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According to the theory I know, lift is produced by accelerating air downwards at the trailing edge (downwash). Hence, as downwash increases so does lift. Induced drag is due to vortices at the wing tips and they also create downwash. So according to the above theory induced drag should also increase lift.

But, the books say that induced drag increases downwash and reduces the effective AOA, which subsequently reduces the lift. Does the downwash from induced drag increase or decrease lift?

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    $\begingroup$ The induced drag is due to vortex at wing tip and it generates a downwash. Hence, as per above theory it should produce more lift. logical fallacy. lift is produced if THE WING accelerates air downwards. Downwash is not the wing. $\endgroup$ – Federico Apr 9 '15 at 16:51
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It is not "this causes that" - all is happening together. Let me explain:

For me to understand aerodynamics, it helped to disregard all that talk of vortices and induction, but focus on the pressure field around a wing. When the theory of flight was developed, electricity was new and exciting, and it just happened that electric induction could be transferred to lift. Now every author still copies the explanations from a century ago, but they are totally unintuitive.

Every air molecule is in a dynamic equilibrium between inertial, pressure and viscous effects. Inertial means that the mass of the particle wants to travel on as before and needs force to be convinced otherwise. Pressure means that air particles oscillate all the time and bounce into other air particles. The more bouncing, the more force they experience. Viscosity means that air molecules, because of this oscillation, tend to assume the speed and direction of their neighbors.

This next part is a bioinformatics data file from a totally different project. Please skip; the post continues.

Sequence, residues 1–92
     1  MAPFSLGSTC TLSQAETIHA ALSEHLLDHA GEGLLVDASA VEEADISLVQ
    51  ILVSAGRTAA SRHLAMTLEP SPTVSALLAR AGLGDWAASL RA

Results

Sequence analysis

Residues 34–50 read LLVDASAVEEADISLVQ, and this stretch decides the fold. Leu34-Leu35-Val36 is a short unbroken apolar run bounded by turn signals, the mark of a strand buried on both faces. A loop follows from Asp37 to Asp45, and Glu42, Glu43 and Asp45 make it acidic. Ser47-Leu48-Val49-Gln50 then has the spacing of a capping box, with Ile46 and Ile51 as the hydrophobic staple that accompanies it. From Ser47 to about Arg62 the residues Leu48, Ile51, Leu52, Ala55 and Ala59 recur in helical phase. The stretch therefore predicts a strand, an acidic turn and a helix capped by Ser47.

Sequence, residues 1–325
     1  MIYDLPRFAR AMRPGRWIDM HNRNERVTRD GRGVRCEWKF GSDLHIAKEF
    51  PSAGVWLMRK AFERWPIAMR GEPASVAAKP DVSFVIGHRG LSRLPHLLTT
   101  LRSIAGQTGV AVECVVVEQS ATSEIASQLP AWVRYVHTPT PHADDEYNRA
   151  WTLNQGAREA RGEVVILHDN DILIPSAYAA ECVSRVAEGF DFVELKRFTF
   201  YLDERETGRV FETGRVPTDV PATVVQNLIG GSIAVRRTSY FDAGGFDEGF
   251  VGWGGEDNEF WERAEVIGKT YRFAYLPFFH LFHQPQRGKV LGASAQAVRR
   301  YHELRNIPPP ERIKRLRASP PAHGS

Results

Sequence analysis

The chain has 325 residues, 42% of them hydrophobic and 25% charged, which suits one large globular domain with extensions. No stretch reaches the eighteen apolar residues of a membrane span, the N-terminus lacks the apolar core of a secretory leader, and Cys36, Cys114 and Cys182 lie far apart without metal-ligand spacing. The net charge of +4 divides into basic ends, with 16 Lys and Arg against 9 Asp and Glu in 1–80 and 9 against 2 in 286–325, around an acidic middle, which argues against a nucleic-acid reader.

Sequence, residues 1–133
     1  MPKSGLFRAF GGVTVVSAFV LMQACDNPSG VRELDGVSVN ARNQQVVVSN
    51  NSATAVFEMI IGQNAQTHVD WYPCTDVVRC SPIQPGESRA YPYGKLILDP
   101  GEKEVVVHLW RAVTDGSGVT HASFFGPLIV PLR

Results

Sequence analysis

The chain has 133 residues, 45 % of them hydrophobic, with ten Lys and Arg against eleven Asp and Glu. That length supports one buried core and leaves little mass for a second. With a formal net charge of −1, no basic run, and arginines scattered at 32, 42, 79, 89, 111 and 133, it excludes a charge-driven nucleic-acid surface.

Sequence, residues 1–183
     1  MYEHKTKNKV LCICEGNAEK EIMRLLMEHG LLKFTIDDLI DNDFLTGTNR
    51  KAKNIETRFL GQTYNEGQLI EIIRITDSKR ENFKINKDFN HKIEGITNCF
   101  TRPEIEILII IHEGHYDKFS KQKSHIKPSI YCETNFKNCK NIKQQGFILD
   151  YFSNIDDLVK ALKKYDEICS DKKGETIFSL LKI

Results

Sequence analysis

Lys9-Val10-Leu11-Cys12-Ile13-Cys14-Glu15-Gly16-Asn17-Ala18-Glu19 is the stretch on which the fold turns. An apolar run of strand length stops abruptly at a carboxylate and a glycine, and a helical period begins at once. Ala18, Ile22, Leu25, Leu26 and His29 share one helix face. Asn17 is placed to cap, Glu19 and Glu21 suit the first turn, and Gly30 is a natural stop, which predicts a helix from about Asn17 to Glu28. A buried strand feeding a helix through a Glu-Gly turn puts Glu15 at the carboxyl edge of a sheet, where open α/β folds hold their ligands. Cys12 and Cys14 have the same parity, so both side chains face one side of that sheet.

Now to the airflow: When a wing approaches at subsonic speed, the low pressure area over its upper surface will suck in air ahead of it. See it this way: Above and downstream of a packet of air we have less bouncing of molecules (= less pressure), and now the undiminished bouncing of the air below and upstream of that packet will push its air molecules upwards and towards that wing. The packet of air will rise and accelerate towards the wing and be sucked into that low pressure area. Once there, it will "see" that the wing below it curves away from its path of travel, and if that path would remain unchanged, a vacuum between the wing and our packet of air would form. Reluctantly, the packet will change course and follow the wing's contour, but not without spreading out (= pressure loss). Spreading happens in flow direction - the packet is distorted and stretched lengthwise, but contracts in the direction orthogonally to the flow. This fast-flowing, low-pressure air will in turn suck in new air ahead and below of it, will go on to decelerate and regain its old pressure over the rear half of the wing, and will flow off with its new flow direction.

A packet of air which ends up below the wing will experience less uplift and acceleration, and in the convex part of highly cambered airfoils it will experience a compression. It also has to change its flow path, because the cambered and/or inclined wing will push the air below it downwards, creating more pressure and more bouncing from above for our packet below the wing. When both packets arrive at the trailing edge, they will have picked up some downward speed.

Airfoil in wind tunnel with smoke trails indicating flow